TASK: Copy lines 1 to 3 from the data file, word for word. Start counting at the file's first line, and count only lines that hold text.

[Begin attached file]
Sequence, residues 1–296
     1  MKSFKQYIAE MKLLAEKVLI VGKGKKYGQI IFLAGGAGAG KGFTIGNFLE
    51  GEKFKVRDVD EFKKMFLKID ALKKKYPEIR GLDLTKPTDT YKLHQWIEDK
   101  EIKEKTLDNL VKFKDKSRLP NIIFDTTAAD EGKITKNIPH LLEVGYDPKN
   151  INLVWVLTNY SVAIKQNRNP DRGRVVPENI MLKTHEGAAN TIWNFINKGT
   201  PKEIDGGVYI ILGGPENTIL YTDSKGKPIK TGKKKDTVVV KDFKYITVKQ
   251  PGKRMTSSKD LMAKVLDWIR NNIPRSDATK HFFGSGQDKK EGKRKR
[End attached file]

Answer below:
Sequence, residues 1–296
     1  MKSFKQYIAE MKLLAEKVLI VGKGKKYGQI IFLAGGAGAG KGFTIGNFLE
    51  GEKFKVRDVD EFKKMFLKID ALKKKYPEIR GLDLTKPTDT YKLHQWIEDK